To say that Trent Alexander-Arnold has never experienced a period like it is no understatement.
Trent Alexander-Arnold is 22 years old.
He may have come across as an older head because he’s already played 170 times for Liverpool and 12 times for England. He’s won the Champions League and the Premier League. For club and country he’s into double figures for senior goals.
Yet this is only really his fourth season as a senior professional footballer.
He’d made a handful of appearances the previous campaign, but it wasn’t until Nathaniel Clyne got what would prove to be a fairly terminal injury for his Liverpool career before the 2017/18 season started that Alexander-Arnold was suddenly thrust into the fray, often alternating right-back duties with Joe Gomez at first.
By the mid point of that season he was first choice, and so began the journey. Champions League final, Champions League win, Premier League win.
2020/21. Grinding halt.
That isn’t just for him of course, but for Liverpool.
A fairly miserable season has seen what once looked to be unstoppable momentum come crashing down, and suddenly it is the full-back who is bearing the brunt of the dissatisfaction. At least from the outside, that is.
Part of the reason for the fairly hysterical reaction to Alexander-Arnold being left out of Gareth Southgate’s last England squad was that he had actually been playing quite well for a month or so.
There was a goal and an assist at Tottenham, a raking crossfield pass before Mo Salah scored at West Ham and a fairly miraculous effort to keep the ball in and cross before Curtis Jones netted at Sheffield United.
But then that’s just it, all of these were attacking moves.
Attacking is what Jurgen Klopp has asked Alexander-Arnold to do ever since he broke into the team and the style of the side gradually changed over his first full season, placing more emphasis on him as the right-back and Andy Robertson on the left to be the creators.
There’s an irony in that Philippe Coutinho’s final goal for Liverpool came in a game where Alexander-Arnold scored his first at Anfield, a spearing drive into the top corner at the Kop end, just like he’d dreamed it, against Swansea City on Boxing Day 2017.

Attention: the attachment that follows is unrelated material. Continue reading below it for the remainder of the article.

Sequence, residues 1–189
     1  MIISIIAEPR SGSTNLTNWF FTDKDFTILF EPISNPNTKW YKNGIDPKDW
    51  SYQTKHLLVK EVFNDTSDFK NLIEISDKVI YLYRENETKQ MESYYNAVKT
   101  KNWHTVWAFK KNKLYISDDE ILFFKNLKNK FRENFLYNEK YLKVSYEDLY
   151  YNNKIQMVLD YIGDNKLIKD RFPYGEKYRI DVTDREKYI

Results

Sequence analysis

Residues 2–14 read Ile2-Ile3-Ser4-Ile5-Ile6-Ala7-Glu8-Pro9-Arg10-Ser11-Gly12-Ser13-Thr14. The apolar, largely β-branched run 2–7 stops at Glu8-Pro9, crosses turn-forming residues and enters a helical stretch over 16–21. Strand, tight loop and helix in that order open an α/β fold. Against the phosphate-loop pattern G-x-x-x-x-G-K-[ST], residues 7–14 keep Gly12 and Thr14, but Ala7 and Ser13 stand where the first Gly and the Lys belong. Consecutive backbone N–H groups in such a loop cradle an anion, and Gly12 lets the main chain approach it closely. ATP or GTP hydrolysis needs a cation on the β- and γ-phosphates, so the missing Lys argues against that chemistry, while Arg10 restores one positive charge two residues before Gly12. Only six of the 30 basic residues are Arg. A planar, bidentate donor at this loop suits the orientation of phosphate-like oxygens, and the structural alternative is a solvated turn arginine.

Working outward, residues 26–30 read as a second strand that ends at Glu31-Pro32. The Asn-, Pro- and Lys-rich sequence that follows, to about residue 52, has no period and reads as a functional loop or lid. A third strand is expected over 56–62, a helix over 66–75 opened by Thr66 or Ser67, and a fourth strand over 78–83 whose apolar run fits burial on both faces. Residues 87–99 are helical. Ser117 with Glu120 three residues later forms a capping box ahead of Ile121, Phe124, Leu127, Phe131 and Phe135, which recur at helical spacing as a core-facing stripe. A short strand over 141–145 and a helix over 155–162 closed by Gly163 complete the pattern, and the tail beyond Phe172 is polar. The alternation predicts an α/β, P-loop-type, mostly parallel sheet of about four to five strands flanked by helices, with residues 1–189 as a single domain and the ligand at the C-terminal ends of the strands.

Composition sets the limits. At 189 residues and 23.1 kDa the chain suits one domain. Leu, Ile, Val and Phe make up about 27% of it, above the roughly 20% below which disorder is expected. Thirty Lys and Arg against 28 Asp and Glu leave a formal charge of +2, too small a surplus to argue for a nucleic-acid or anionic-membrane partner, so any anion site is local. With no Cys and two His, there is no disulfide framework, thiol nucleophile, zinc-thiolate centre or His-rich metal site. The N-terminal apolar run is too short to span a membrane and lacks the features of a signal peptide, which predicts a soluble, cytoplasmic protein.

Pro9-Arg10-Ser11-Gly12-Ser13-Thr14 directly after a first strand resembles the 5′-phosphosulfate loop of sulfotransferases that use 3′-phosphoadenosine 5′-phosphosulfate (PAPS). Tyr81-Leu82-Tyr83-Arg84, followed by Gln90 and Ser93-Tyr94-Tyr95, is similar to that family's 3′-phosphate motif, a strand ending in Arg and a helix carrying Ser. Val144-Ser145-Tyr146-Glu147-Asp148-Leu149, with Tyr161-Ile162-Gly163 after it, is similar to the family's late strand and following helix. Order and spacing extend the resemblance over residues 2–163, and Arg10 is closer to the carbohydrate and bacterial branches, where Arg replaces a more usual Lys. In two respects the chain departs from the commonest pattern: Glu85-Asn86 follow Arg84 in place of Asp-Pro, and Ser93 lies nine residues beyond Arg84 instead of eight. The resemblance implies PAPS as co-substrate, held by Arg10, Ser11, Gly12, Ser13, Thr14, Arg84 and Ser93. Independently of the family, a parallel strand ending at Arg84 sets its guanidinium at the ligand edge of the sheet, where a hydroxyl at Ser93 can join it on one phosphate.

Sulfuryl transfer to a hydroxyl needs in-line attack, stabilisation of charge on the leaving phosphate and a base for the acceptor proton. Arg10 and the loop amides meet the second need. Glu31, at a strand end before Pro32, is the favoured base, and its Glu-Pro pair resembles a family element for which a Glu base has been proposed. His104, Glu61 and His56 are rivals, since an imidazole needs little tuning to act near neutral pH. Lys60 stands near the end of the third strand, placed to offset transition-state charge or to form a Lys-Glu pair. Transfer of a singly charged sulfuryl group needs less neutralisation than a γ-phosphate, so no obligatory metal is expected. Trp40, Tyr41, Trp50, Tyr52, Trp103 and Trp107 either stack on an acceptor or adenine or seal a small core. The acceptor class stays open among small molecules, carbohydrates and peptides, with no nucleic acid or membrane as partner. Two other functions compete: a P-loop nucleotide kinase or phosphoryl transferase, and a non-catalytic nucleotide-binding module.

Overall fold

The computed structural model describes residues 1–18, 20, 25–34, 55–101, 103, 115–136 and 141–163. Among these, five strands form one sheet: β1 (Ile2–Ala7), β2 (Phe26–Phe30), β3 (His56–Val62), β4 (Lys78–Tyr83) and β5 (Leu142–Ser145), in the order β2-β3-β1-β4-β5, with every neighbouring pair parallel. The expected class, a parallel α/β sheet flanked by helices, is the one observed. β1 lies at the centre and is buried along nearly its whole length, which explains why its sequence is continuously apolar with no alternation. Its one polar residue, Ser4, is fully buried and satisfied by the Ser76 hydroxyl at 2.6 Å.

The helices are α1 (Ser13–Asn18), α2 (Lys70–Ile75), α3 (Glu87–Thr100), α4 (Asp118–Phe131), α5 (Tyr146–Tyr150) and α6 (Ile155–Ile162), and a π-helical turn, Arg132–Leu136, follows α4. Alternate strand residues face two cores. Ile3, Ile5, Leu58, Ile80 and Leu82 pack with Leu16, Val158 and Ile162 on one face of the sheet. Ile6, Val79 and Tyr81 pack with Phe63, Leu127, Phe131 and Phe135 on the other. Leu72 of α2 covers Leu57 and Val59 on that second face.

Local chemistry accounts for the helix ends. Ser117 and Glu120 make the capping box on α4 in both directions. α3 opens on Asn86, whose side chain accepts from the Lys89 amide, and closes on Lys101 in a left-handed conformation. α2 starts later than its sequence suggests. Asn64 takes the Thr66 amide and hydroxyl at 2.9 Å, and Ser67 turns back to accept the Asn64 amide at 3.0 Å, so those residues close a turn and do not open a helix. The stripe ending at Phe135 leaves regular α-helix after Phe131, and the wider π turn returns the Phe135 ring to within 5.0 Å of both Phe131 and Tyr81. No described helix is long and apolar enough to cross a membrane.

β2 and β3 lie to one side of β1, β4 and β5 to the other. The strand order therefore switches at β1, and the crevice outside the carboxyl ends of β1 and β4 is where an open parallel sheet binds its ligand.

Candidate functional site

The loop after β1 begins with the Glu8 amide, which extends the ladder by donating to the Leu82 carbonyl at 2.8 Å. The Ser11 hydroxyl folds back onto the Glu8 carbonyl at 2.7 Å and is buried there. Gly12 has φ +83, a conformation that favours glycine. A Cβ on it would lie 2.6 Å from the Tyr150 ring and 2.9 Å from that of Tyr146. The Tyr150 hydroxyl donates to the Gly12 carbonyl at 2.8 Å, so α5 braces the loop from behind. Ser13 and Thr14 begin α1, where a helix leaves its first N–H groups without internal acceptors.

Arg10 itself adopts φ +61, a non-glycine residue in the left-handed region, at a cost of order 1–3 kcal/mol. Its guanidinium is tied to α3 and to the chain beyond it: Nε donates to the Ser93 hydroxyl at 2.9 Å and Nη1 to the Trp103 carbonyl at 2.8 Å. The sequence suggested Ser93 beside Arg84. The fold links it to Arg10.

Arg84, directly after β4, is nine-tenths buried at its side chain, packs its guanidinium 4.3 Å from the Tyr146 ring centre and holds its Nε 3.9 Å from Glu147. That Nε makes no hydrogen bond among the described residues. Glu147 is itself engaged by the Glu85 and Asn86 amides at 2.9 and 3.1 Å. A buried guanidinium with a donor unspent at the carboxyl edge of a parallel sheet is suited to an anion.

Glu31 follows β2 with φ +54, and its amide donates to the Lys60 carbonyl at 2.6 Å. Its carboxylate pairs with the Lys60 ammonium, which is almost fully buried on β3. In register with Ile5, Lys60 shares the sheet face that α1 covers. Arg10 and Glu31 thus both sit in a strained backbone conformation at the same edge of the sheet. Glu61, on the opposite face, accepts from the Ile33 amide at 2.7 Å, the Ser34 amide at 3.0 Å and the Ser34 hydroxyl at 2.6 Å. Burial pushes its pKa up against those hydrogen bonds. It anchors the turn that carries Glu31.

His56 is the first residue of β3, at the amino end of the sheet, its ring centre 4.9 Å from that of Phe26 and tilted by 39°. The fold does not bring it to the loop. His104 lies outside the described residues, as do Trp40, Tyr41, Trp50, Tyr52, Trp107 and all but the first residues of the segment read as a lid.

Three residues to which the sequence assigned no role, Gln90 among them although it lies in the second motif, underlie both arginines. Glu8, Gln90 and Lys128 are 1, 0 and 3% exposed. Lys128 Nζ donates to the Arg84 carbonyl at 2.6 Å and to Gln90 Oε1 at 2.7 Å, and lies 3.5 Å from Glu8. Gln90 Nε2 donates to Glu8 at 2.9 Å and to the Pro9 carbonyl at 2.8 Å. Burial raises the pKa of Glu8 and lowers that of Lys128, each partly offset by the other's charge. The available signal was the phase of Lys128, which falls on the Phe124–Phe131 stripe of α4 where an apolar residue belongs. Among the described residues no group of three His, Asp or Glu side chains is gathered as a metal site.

Liverpool’s capacity for creation had moved on from the Brazilian and onto the Scouser and the Scot on the flanks, and they’d defend when they had to but that wasn’t going to be anyone’s main concern.
Until now, that is.
The injuries the Reds have suffered at the back this season have seen a cast of characters thrust into the action at centre-back and in midfield, and a once tangible calm has long gone.
Where Alexander-Arnold once knew that he’d have the influence of Jordan Henderson and/or Fabinho immediately to his left, and Joe Gomez and Virgil van Dijk behind, now he’s unsure who will play there week by week.
The former Liverpool right-back Glen Johnson warned Alexander-Arnold about what was to come shortly after the Van Dijk injury, telling The Mirror : “There’s nothing better as an attacking full-back to think ‘oh actually, I don’t need to run back because I know that Van Dijk is there, or John Terry is there.’
“You just know they’re going to win the ball.
“If you look over your shoulder and it’s somebody else then you don’t get that confidence, and then you have to be in totally different positions.
“We’ve seen it over the years with Trent. Sometimes defensively he’s got into some terrible positions, but it doesn’t matter because Van Dijk will be mopping up behind and making it all look very easy.
“Both full-backs will have to change.”
Yet they’ve still steadfastly remained the same because their manager has wanted them to.
One of the criticisms you could aim at Klopp this season has been that he has tried to keep his side playing in the manner that they did when they won everything that lay before them, not taking into account the serious reduction in quality at the heart of the defence.
It still worked for a while, and the Reds were largely fine for much of this season. They were earning plaudits.
Pep Guardiola, the man who will soon wrestle the Premier League trophy back from Klopp, remains a huge fan of Alexander-Arnold and the way he plays.
After the 1-1 draw between Manchester City and Liverpool in November, a match in which Alexander-Arnold was injured, he called him “an exceptional full-back” and “the right-back from the England national team”. Even after City won 4-1 at Anfield in February he said they “could not control” Alexander-Arnold for much of the first half.
Individually he is still having the impact on games that he has always had, as evidenced by the brilliant cross for Diogo Jota’s header at Arsenal, but it is that failure to adapt to who is next to him that Johnson referenced that he is struggling with.
But then Klopp seems to want him to play like this.
If doesn’t help, of course, when the player stationed immediately in front of you plays as poorly as Naby Keita did at Real Madrid, with all semblance of a protective screen absent.
Alexander-Arnold was still poor though, with an uncharacteristic individual error creeping into his game for the Marco Asensio goal.
A sign of nerves perhaps? Frustration?
He’s not at his best but Liverpool are also nowhere near theirs.
The two are far more closely linked than many would have you believe right now.